The penalty is 40% x $1,250,000 = $500,000. Acme’s total tax liability is $1,250,000 + $500,000 = $1,750,000. 10. D$1,100 – 25% ($1,100) = $825. 11. B$500 + 50% ($500) = $750. 12. CSales$1,100 less: Operating costs250 Operating profit (5% x sales) 55 Cost of goods sold (transfer price)$ 795 13. Lahdekorpi OY a. The best transfer pricing method in this case is the comparable uncontrolled price method. The appropriate transfer price is $30 per tablecloth, the price at which Lahdekorpi sells the same product to unrelated distributors in Canada.
Although a sale to a distributor in Canada and a sale to a distributor in the United States are not exactly the same, they should be comparable enough to allow the use of this method. b. The best transfer pricing method in this scenario is the resale price method. Lahdekorpi adds no value to the shirts it purchases from Three-O Company before selling them in the Finnish market. A reasonable gross profit to be earned by Lahdekorpi on sales of shirts can be determined by referring to the gross profit normally earned by Finnish retailers of men’s clothing.
The appropriate transfer price is $15 [$25 – ($25 x 40%)]. c. The best transfer pricing method in this case is the cost plus method. An acceptable transfer price is $3 [$2 + ($2 x 50%)]. Both the cost to produce each puzzle and the gross profit earned by similar companies producing similar products can be reliably determined. 14. Superior Brakes Superior Brakes sells directly to truck manufacturers in the United States, and to its 100%-owned sales subsidiary in Brazil. The Brazilian sales subsidiary sells directly to Brazilian truck makers.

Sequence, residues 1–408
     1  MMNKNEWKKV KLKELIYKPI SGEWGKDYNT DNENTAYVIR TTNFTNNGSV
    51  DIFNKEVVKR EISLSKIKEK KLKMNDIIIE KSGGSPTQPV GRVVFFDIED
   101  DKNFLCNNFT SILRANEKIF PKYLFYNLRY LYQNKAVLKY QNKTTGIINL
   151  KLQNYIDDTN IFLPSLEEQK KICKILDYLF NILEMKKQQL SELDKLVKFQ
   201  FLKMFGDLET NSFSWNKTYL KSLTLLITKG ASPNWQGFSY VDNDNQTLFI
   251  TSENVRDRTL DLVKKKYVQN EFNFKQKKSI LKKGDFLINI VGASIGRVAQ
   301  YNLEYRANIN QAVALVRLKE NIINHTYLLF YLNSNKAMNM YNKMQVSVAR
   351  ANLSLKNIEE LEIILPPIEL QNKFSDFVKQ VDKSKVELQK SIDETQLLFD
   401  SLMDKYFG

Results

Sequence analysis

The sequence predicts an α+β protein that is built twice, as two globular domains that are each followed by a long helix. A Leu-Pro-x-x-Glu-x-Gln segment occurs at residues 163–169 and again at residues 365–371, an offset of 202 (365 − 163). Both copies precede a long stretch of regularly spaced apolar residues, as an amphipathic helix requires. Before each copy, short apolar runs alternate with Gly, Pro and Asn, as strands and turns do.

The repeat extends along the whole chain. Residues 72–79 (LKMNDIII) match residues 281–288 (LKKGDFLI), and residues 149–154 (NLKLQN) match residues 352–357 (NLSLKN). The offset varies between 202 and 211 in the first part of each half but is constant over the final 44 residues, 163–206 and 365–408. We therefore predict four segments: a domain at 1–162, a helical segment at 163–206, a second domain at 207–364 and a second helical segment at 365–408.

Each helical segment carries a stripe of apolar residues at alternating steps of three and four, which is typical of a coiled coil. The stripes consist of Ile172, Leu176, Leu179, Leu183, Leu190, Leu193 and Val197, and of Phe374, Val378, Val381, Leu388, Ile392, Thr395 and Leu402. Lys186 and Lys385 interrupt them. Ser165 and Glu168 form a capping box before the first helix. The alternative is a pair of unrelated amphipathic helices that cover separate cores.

Superior Brakes does not sell to unaffiliated distributors in Brazil so there is no comparable uncontrolled transaction from which a comparable uncontrolled price can be determined. If Superior Brakes were to sell to unaffiliated truck brake distributors in Brazil, the price charged could be considered a reliable arm’s length price under the comparable uncontrolled price method if there are no substantive differences in the terms of the sales. The resale price method typically is used when the buyer/reseller is merely a distributor of finished goods and does not add a substantial amount of value to the product.
This is true for Superior’s Brazilian sales subsidiary. To use the resale price method, the final selling price to uncontrolled parties must be known and an appropriate gross profit for the reseller must be determinable. Information on an appropriate gross profit markup for distributors of truck brakes is not provided. The facts of the problem indicate that other than sales in Brazil, Superior Brakes does not use a distributor but instead sells directly to truck manufacturers. The only competitor for which information is provided, Bomfreio, also does not use a distributor for sales of its truck brakes.